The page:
Once the assets are taken out of someone’s name and put into a trust, it’s really irrelevant how the trust invests the assets. You could downsize, as we talked about a moment ago. The trust could also just sell the house and put the money into the stock market, into CDs, into bonds.
Again, as we mentioned earlier, this has no impact on the five-year clock that’s ticking for Medicaid.
But you need to know there are some tax implications that come with irrevocable trusts. These types of trusts are considered pass-through vehicles. Income that comes into the trust flows into the trust and then out each year to the beneficiaries.
The beneficiaries will pay income taxes on any income that they get from the trust. If the irrevocable trust is invested in bonds and CDs, there’s going to be a distribution at the end of the year. There could be taxable income to the beneficiaries. Income is taxable to the beneficiaries.
What about capital gains?
Well, capital gains are not considered income to an irrevocable trust. Capital gains count as “contributions to principal.” They basically get added to the cost basis so that gain the capital gain is not distributed to the beneficiaries. The trust will be responsible for paying capital gains taxes.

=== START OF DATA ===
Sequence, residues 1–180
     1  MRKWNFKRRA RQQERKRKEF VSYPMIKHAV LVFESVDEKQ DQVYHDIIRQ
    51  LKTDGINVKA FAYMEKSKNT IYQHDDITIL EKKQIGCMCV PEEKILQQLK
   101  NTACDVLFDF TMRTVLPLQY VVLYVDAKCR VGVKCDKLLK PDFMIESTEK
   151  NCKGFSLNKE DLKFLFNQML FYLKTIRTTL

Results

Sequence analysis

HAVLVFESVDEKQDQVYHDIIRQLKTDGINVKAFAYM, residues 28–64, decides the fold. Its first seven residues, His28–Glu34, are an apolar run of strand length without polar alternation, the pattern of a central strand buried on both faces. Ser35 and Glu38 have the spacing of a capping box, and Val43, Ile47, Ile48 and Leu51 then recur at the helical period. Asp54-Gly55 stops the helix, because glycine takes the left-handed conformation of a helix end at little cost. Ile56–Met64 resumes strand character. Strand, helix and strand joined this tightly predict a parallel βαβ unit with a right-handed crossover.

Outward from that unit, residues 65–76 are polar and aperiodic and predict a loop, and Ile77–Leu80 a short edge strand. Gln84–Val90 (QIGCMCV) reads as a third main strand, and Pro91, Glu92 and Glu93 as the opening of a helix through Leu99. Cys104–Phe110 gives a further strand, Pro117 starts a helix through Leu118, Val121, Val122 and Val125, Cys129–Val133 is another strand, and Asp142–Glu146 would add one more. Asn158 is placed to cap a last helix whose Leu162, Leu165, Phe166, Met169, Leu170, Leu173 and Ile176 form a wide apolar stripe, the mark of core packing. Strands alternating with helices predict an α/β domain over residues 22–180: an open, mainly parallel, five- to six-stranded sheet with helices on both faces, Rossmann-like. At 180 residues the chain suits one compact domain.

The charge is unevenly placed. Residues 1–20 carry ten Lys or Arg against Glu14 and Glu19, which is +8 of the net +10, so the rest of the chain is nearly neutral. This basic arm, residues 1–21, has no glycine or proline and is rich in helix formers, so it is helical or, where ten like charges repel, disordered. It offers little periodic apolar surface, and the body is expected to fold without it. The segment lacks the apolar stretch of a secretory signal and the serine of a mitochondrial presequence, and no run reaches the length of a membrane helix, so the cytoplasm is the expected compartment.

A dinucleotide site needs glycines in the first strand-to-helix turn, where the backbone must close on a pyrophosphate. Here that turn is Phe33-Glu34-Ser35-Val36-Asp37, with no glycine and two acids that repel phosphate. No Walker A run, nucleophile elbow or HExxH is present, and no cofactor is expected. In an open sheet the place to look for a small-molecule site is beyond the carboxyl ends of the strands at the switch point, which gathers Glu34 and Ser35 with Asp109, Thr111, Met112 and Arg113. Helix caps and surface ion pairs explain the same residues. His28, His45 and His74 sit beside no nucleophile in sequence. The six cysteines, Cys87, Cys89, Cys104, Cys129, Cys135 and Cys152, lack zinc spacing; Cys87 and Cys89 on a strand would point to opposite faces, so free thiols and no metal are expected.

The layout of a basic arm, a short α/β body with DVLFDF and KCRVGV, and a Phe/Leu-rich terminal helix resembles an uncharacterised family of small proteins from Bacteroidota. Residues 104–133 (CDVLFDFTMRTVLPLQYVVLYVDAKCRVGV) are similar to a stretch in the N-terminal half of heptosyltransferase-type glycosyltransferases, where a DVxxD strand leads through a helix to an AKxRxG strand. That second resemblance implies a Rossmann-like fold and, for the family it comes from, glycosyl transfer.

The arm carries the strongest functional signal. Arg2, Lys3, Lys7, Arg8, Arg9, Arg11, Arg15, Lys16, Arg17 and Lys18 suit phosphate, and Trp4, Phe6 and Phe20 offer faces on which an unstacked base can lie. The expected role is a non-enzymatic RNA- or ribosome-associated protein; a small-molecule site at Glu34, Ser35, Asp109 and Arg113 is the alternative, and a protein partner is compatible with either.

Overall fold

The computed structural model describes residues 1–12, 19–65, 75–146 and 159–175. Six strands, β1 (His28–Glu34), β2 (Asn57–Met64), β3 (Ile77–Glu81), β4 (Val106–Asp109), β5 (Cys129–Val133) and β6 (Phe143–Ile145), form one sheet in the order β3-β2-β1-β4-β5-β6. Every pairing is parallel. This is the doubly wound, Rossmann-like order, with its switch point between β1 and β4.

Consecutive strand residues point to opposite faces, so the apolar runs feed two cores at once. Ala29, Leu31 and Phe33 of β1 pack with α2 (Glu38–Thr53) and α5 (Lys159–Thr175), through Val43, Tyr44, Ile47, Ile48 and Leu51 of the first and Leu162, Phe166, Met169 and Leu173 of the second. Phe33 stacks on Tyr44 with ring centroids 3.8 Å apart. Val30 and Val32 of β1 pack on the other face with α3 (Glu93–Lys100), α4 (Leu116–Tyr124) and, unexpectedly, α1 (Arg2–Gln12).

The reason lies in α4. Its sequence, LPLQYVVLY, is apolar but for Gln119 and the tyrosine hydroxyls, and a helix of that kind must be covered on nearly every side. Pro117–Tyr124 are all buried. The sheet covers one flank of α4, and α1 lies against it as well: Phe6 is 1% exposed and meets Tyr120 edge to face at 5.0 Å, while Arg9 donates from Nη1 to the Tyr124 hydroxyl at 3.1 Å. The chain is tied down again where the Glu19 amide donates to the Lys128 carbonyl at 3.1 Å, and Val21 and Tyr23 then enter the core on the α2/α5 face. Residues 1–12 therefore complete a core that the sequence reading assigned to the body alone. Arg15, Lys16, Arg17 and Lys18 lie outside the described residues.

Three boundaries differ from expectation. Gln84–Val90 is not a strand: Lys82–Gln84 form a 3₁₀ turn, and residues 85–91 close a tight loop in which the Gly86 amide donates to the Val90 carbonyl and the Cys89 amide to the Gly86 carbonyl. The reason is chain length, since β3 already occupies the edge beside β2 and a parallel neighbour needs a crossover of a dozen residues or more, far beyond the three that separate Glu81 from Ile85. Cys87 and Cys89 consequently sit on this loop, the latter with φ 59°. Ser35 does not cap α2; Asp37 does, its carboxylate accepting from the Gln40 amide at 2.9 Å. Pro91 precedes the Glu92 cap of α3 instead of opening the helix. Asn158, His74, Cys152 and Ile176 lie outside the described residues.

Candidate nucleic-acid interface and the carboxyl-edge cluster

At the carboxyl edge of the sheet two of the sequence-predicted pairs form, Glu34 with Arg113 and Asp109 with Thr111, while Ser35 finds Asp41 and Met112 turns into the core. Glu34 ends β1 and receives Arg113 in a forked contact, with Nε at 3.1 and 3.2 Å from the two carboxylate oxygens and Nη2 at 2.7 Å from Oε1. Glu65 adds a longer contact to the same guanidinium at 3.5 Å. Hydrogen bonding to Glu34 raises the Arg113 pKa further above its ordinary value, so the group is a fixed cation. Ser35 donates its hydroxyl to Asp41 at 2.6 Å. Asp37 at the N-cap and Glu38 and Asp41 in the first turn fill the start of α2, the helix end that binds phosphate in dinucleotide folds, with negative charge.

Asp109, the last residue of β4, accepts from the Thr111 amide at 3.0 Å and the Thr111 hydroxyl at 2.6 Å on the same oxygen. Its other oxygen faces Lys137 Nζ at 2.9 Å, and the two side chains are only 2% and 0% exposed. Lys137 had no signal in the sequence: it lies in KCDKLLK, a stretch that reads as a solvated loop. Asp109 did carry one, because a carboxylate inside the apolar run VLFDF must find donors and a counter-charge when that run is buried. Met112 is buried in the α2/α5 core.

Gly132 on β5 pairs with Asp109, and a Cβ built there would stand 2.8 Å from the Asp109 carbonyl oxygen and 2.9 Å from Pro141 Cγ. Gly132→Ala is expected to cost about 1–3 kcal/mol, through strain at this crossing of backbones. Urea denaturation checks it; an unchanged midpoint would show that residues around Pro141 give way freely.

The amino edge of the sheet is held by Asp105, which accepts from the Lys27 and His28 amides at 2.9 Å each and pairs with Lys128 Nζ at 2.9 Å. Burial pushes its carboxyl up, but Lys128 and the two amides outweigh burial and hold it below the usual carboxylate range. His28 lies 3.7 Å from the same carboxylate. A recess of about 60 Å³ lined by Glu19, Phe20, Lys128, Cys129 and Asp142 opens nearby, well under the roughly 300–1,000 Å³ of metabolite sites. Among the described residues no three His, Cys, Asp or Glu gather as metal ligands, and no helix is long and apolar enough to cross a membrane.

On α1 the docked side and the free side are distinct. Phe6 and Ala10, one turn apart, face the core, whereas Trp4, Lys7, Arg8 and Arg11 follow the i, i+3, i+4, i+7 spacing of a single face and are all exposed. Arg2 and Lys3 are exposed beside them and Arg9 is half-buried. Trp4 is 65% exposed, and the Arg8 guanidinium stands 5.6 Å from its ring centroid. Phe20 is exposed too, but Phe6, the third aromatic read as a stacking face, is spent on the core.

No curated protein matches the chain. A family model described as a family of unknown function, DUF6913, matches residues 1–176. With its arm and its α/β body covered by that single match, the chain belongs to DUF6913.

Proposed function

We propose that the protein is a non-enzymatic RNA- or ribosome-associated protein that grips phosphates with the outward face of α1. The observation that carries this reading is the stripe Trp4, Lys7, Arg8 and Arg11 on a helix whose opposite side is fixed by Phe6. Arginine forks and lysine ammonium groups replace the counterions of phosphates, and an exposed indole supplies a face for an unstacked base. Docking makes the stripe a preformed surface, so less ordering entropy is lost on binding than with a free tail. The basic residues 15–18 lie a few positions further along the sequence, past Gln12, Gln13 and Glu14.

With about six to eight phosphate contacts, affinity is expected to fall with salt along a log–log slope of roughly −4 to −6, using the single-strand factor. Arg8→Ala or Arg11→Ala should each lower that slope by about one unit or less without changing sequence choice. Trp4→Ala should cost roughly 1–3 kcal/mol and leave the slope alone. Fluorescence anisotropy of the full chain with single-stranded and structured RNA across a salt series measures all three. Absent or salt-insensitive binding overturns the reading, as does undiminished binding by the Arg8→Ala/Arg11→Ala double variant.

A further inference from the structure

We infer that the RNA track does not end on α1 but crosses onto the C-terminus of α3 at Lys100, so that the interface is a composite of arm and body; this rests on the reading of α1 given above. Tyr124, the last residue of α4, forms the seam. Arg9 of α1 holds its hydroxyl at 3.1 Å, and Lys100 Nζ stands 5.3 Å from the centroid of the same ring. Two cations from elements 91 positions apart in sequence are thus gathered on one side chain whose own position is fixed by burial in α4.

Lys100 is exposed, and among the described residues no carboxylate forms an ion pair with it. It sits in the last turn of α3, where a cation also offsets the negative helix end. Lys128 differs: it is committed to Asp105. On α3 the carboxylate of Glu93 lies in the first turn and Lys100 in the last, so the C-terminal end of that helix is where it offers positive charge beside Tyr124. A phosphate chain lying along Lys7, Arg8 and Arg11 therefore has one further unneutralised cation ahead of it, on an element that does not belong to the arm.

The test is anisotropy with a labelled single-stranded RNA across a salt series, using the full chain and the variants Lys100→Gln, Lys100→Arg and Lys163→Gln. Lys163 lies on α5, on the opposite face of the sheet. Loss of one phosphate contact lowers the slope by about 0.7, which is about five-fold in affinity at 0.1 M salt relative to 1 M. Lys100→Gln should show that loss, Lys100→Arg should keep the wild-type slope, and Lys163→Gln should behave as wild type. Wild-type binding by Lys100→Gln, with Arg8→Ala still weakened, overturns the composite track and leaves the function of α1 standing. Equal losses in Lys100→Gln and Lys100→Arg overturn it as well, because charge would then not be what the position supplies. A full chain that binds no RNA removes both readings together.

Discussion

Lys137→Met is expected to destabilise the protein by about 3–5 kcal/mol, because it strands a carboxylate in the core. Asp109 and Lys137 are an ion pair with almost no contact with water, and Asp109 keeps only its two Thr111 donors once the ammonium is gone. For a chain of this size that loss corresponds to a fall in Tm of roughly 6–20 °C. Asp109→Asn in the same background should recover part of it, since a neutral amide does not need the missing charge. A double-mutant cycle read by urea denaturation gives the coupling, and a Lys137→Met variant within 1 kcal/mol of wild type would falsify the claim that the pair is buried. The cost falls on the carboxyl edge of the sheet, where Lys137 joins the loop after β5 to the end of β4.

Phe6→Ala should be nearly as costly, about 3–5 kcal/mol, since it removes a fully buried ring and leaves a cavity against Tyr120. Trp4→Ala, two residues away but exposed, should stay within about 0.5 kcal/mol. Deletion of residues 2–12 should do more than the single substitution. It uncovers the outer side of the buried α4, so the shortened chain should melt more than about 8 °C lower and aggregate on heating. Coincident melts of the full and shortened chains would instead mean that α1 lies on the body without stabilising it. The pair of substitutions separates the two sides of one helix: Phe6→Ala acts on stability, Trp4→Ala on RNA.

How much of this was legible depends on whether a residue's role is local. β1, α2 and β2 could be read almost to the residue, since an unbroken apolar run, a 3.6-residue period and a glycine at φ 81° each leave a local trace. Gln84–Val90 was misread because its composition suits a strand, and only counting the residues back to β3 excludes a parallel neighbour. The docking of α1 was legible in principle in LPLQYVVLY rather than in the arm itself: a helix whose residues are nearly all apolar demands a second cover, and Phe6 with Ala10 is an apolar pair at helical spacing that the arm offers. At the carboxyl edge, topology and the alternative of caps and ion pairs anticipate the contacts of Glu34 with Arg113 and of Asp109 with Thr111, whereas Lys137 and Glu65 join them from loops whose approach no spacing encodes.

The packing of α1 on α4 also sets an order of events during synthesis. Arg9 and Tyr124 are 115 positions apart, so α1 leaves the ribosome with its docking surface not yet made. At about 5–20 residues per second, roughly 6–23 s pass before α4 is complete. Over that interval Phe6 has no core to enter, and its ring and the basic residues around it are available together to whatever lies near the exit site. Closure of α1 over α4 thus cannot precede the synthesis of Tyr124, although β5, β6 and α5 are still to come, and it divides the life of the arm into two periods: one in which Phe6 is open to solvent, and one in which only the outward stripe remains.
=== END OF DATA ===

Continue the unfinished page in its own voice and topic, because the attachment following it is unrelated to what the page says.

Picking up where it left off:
You should know when we’re talking about taxes, it’s important that the irrevocable trust passes through income to the beneficiaries. The beneficiaries will pay tax at their own rate. Because the income tax rate for trusts is 37%. That’s why it’s important that it passes through.
There’s also going to be a 3.8% Medicare tax as well. When it comes to capital gains, trust is going to pay the capital gains taxes, depending on the level of income. That could be 15% or 20%, plus the 3.8% Medicare tax as well.
There’s important information that you may need to keep in mind. When we talk about Medicaid. It’s a very simple mistake to make to use the term Medicare. You probably already heard me say that once – in error – at the beginning of this episode.
Understand that Medicare is a healthcare program for seniors. Medicaid is the program that pays for long term care, whether it’s in home care or nursing homes, because Medicaid runs on a state level. It’s a nationwide program authorized by the federal government, but it’s run on the state level, unlike the IRS.
The Medicaid department in your state is going to look at the application very closely. They’re going to look at every single financial transaction going back 60 full months that’s five years. So it’s not like the IRS where you kind of have a reverse lottery. You have a small chance of getting audited by the IRS.